dispassionate

adjective
dis·​pas·​sion·​ate | \ (ˌ)dis-ˈpa-sh(ə-)nət How to pronounce dispassionate (audio) \

Definition of dispassionate

: not influenced by strong feeling especially : not affected by personal or emotional involvement a dispassionate critic a dispassionate approach to an issue

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Other Words from dispassionate

dispassionately adverb
dispassionateness noun

Choose the Right Synonym for dispassionate

fair, just, equitable, impartial, unbiased, dispassionate, objective mean free from favor toward either or any side. fair implies a proper balance of conflicting interests. a fair decision just implies an exact following of a standard of what is right and proper. a just settlement of territorial claims equitable implies a less rigorous standard than just and usually suggests equal treatment of all concerned. the equitable distribution of the property impartial stresses an absence of favor or prejudice. an impartial third party unbiased implies even more strongly an absence of all prejudice. your unbiased opinion dispassionate suggests freedom from the influence of strong feeling and often implies cool or even cold judgment. a dispassionate summation of the facts objective stresses a tendency to view events or persons as apart from oneself and one's own interest or feelings. I can't be objective about my own child

Examples of dispassionate in a Sentence

Journalists aim to be dispassionate observers. He spoke in a dispassionate tone about the accident.
Recent Examples on the Web Our policy-makers are sorely in need of — and would surely benefit from — a thorough and dispassionate study of the history and current state of the program. Andrew Stuttaford, National Review, "The Capital Letter: Week of December 14," 18 Dec. 2020 In depicting these situations, Krauss is notably dispassionate, reticent to moralize about the men who force women into positions of submission. Timothy Aubry, The New Republic, "Nicole Krauss’s Difficult Men," 17 Dec. 2020 Perhaps this should come as little surprise from Greengrass, a British filmmaker who specializes in urgent dispatches from the here and now, and who has often subjected the myth of American exceptionalism to critical, dispassionate scrutiny. Justin Chang Film Critic, Los Angeles Times, "Review: ‘News of the World,’ Paul Greengrass’ odd-couple western, is an admirable but bumpy ride," 11 Dec. 2020 All of this is broached, though often in language that is both maddeningly dispassionate and morally obtuse. Washington Post, "The Army’s new museum is what we need at this moment of constitutional peril," 12 Nov. 2020 The cinematography by Tobias Höiem-Flyckt and Johan Lundborg is calm and dispassionate as the insane occurs, then proves capable of arresting images. Michael Ordoña, Los Angeles Times, "Review: ‘Koko-di Koko-da’ goes beyond horror to a family’s personal hell," 5 Nov. 2020 Flood and Thomas are not dispassionate observers in this debate. Nathan Whitlock, The New York Review of Books, "Where Health Care Is a Human Right," 3 Nov. 2020 This is a subject that could easily be tainted by bias and polemic, but Ms. Searcy remains dispassionate, impartial and ebullient. Joel Lobenthal, WSJ, "‘Ballet in the Cold War’ Review: Diplomacy in Dance," 2 Oct. 2020 In a talk at Hillsdale College in Michigan in May 2019, Amy Coney Barrett emphasized the courage a judge must have in setting aside personal opinions and making rulings that are dispassionate. South Bend Tribune Report, The Indianapolis Star, "What a Hoosier front-runner for U.S. Supreme Court said about politics in courts," 19 Sep. 2020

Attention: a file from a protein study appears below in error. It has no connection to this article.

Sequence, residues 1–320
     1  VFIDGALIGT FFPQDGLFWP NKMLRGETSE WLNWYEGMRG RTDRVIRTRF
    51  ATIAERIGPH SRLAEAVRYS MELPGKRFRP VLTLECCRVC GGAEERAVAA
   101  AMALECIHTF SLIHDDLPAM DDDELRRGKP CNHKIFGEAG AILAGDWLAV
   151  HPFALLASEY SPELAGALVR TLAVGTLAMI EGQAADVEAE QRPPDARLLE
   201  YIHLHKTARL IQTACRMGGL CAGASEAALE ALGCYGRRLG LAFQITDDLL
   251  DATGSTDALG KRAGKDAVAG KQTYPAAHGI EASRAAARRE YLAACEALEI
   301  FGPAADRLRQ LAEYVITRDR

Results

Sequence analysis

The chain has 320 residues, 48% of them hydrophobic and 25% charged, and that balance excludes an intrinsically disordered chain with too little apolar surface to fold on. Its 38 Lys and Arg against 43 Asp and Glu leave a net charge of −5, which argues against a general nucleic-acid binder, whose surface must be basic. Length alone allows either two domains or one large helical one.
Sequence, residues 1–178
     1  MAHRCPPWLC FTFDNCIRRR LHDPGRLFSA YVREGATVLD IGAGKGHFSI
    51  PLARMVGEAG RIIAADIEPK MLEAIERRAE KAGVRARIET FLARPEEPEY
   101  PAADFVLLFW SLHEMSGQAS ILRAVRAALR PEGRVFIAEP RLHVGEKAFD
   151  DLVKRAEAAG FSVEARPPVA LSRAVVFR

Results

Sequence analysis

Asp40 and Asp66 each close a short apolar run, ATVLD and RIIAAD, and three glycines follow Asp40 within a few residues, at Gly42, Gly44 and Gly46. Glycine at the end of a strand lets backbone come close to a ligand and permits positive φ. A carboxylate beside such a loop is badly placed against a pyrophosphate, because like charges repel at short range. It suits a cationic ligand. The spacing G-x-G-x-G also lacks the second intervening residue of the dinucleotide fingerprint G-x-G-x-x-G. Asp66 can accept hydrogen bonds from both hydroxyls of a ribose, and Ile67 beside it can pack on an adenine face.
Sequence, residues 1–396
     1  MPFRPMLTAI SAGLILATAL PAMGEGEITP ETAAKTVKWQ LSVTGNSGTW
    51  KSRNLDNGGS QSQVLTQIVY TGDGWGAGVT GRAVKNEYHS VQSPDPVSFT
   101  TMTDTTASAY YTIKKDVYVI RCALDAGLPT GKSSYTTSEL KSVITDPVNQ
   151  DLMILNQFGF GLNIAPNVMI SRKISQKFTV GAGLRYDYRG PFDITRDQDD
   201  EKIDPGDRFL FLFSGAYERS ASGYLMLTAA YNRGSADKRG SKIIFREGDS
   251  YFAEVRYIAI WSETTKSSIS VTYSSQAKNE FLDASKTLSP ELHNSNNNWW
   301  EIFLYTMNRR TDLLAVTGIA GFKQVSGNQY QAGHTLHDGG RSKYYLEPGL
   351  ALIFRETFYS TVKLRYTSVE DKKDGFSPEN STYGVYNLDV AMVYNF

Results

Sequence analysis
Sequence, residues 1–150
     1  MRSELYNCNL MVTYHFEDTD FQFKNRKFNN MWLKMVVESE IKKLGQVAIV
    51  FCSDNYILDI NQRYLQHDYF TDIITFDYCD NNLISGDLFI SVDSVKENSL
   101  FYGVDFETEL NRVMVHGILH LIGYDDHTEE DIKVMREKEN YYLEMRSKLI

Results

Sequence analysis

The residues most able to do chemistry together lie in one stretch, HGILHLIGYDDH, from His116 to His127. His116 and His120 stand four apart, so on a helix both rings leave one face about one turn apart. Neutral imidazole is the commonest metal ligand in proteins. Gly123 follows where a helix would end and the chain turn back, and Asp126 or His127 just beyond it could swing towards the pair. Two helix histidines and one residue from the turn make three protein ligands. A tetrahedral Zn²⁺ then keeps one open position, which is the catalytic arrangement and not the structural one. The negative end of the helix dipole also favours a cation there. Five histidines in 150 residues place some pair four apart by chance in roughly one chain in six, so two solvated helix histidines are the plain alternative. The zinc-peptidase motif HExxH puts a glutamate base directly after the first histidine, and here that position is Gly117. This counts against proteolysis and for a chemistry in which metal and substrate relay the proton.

These example sentences are selected automatically from various online news sources to reflect current usage of the word 'dispassionate.' Views expressed in the examples do not represent the opinion of Merriam-Webster or its editors. Send us feedback.

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First Known Use of dispassionate

1594, in the meaning defined above

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Time Traveler for dispassionate

Time Traveler

The first known use of dispassionate was in 1594

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Statistics for dispassionate

Last Updated

28 Dec 2020

Cite this Entry

“Dispassionate.” Merriam-Webster.com Dictionary, Merriam-Webster, https://www.merriam-webster.com/dictionary/dispassionate. Accessed 26 Jan. 2021.

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More Definitions for dispassionate

dispassionate

adjective
How to pronounce dispassionate (audio)

English Language Learners Definition of dispassionate

: not influenced or affected by emotions

dispassionate

adjective
dis·​pas·​sion·​ate | \ dis-ˈpa-shə-nət How to pronounce dispassionate (audio) \

Kids Definition of dispassionate

: not influenced by strong feeling or personal involvement : calm, impartial a dispassionate judgment

Other Words from dispassionate

dispassionately adverb

More from Merriam-Webster on dispassionate

Thesaurus: All synonyms and antonyms for dispassionate

Nglish: Translation of dispassionate for Spanish Speakers

Comments on dispassionate

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